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Hudson was the first person to testify in the prosecution’s case against William Balfour, who has pleaded not guilty to murdering Hudson’s mother, brother and 7-year-old nephew. Prosecutors say he shot Hudson’s family members in a jealousy-fueled act of vengeance against his estranged wife, Hudson’s sister.

Hudson, 30, has appeared in court each day since testimony began last week, and is expected to attend each day until it ends.

Lindsay Lohan, who has had cases in different Los Angeles-area courthouses, always goes through a public entrance. Britney Spears, who sometimes goes to court for updates in her conservatorship, is brought underground and enters the courtroom through a back door.

But in 20 years observing celebrity trials, Medrano said he’s never seen any court go as far as the one in Chicago seems to have gone for Hudson.

“If Hudson got this kind of treatment in LA,” he said, “there would be an outcry.”

She brings about a half dozen bodyguards, and Medrano particularly took issue with officials allowing her to have them in court. A few of her dapperly dressed security sit close, occasionally talking into microphones up their sleeves in the manner of Secret Service protecting a president. Others keep vigil by an elevator, holding it for their boss at breaks and shooing away those not in her entourage.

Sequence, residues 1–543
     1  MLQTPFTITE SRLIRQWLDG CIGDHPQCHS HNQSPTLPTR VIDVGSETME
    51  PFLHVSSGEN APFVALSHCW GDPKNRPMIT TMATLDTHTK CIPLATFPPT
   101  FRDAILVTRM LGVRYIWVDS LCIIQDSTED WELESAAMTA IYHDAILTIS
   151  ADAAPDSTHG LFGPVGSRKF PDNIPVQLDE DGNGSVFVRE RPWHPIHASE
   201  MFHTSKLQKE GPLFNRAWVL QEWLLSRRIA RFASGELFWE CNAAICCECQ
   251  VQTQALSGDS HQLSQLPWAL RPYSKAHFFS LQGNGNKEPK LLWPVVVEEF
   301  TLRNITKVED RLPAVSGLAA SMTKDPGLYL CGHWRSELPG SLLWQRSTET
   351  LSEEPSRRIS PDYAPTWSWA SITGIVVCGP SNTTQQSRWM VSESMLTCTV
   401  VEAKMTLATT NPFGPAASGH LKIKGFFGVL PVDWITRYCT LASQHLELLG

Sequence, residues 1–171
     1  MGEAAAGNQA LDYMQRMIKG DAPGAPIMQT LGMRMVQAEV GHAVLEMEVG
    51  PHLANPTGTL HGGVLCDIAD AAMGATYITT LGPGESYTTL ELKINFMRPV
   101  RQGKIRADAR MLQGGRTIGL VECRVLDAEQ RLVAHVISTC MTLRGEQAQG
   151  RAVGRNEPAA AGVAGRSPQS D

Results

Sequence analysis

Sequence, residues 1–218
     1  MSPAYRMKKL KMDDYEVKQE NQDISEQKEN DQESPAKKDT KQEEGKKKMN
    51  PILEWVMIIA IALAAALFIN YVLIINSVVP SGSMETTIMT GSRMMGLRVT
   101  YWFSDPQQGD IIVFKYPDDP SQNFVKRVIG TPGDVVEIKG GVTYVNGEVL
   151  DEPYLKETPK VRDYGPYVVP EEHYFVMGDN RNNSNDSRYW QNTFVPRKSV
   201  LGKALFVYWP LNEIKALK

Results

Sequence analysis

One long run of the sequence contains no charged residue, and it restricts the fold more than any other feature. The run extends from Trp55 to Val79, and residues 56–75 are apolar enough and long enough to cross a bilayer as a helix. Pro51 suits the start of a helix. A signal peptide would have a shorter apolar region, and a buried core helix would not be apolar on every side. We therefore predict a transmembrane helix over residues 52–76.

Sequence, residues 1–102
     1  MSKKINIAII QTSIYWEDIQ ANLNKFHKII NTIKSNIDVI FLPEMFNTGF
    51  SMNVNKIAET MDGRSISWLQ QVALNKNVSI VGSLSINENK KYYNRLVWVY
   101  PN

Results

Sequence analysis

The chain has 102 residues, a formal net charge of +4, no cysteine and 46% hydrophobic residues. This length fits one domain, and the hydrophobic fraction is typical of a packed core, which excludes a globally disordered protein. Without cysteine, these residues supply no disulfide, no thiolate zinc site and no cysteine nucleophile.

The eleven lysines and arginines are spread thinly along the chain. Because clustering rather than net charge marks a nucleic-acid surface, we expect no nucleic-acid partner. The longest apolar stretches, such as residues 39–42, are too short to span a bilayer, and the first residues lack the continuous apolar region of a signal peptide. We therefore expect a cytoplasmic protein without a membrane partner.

But Miller insists that, in most respects, Hudson is treated like anyone else.

For instance, prosecutors told Hudson before they exhibited grisly photos of her relatives’ bullet-riddled bodies so she could leave the room. Such forewarning is standard at murder trials to avoid putting victims’ relatives through unnecessary trauma.

The way she’s getting into the building is a far cry from red-carpet treatment. One possible entrance is via a tunnel connecting the courthouse to a sprawling jail next door. It would be an unsettling experience for anyone, said Steve Bogira, who wrote “Courtroom 302” about the complex and is one of few reporters to have gone into the bowels of the building.

“It was dark and dank, and deputies said it was not uncommon to see rats down there,” Bogira recalled, adding it has been about a decade since he was there. “It would be depressing for anyone. A paint job wouldn’t make it less so.”

Regardless, Hudson’s stealth entrance has been a particular source of frustration to photographers.

More than 100 journalists were accredited to cover the trial, including from web-based TMZ. Their primary goal: to snap a money shot of Hudson arriving or leaving the courthouse.

They staked out the complex in vain, though. After a few days, most packed up and left.


AP special correspondent Linda Deutsch also contributed to this report.

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